- At the Movies: Bill Gosden and Simon Morris
- Bill Gosden’s Guide to NZIFF 2017
- Coup De Main
- Metro: David Larsen
- Staff Picks: Abby Cattermole
- Staff Picks: Alice Vilardel
- Staff Picks: Ant Timpson
- Staff Picks: Beck Eleven
- Staff Picks: Hedda ten Holder
- Staff Picks: Ina Kinski
- Staff Picks: Jo Scott
- Staff Picks: Kailey Carruthers
- Staff Picks: Kezia Dwyer
- Staff Picks: Manali Bhatia
- Staff Picks: Michael McDonnell
- Staff Picks: Miles Chan
- Staff Picks: Nick Paris
- Staff Picks: Rebecca McMillan
- Staff Picks: Sandra Reid
- Staff Picks: Tim Keats
- Staff Picks: Tim Wong
- The Residents: Lucy Revill
- Wellington Film Society
One of the most immersive and rarefied experiences in all cinema, Andrei Tarkovsky’s Stalker embarks on a metaphysical journey through an enigmatic post-apocalyptic landscape. Newly restored.
In this utterly charming documentary, octogenarian French director Agnès Varda takes to the road with the young photo-muralist JR, creating artworks, looking up old friends and finding new ones.
Jean-Louis Trintignant is the failing patriarch and Isabelle Huppert his daughter in this satirical dissection of a powerful French construction dynasty from Austrian director Michael Haneke (Amour, Caché).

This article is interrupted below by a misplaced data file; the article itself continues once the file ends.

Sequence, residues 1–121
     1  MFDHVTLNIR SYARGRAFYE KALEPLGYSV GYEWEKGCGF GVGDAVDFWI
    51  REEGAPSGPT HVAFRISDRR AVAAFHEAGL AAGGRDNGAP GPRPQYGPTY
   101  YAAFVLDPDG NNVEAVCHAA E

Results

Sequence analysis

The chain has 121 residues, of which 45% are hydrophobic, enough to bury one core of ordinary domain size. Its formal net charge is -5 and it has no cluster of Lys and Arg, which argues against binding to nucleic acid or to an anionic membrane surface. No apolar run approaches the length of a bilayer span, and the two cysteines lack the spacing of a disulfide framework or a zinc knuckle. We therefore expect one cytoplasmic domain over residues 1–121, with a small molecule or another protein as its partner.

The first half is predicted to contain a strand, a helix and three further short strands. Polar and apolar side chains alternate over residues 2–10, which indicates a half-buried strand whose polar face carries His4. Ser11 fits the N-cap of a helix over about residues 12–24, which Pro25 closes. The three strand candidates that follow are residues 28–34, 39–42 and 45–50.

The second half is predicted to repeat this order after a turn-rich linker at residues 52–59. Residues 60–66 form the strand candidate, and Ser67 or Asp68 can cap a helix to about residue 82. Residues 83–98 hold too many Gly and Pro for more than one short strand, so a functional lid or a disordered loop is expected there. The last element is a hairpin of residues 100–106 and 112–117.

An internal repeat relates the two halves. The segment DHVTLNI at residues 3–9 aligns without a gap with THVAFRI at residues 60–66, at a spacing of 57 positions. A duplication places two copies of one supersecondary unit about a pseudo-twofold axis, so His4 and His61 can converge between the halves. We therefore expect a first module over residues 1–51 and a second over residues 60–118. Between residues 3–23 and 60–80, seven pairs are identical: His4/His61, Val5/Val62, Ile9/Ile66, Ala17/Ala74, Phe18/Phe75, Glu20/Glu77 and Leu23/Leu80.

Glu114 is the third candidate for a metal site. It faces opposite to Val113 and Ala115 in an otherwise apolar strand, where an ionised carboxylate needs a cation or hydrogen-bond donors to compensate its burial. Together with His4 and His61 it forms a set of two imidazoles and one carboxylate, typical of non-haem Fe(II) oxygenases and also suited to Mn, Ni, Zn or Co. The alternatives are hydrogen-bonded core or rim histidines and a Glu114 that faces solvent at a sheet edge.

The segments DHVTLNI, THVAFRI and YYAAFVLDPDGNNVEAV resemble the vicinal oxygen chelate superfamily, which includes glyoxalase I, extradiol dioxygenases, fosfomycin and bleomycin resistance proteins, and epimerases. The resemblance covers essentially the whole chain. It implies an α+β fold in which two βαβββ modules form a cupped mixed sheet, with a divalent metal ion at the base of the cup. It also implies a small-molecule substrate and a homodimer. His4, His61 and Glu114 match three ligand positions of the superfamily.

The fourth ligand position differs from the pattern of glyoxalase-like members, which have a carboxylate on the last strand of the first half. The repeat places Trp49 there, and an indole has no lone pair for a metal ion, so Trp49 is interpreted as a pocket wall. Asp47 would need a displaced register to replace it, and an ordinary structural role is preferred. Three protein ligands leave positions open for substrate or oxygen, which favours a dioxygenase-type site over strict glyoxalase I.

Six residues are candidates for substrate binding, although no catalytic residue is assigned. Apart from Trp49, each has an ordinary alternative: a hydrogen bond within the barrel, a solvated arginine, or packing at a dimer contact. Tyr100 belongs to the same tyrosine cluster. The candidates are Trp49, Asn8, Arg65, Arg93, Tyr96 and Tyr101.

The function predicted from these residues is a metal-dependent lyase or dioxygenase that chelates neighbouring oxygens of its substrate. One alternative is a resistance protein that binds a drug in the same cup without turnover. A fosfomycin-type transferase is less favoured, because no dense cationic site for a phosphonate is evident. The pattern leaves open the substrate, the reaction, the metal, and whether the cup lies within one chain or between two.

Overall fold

Shot on location against the rugged backdrop of the Canterbury and Otago coasts, this atmospheric Kiwi thriller marks a confident calling card for its up-and-coming writer-director.
Florence Pugh is mesmerising as she transmutes from nervous bride to femme fatale in this bracing British period drama based on a 19th century Russian classic.
Un beau soleil interieur
Juliette Binoche lights up every frame of Claire Denis’ frank and rueful dramedy of romantic hope springing eternal, written in collaboration with the controversially confessional novelist and playwright Christine Angot.
Charlie Hunnam makes a commanding flawed hero as British Amazon explorer Percy Fawcett in a sweeping giant screen epic, filmed with rare intelligence by writer/director James Gray. With Sienna Miller and Robert Pattinson.
Andrey Zvyagintsev (Leviathan) won the Cannes Jury Prize for his stark and gripping tale of a divorcing couple caught in a missing-child procedural.
John Waters’ gloriously grotesque, unavailable-for-decades sophomore feature comes to the big screen at long last, replete with all manner of depravity.
“This sketch of an ambitious Westminster politician and dinner-party hostess (Kristin Scott Thomas), whose life comes spectacularly apart before the canapés are even served, is a consummate drawing-room divertissement, played with relish by a dream ensemble.” — Guy Lodge, Variety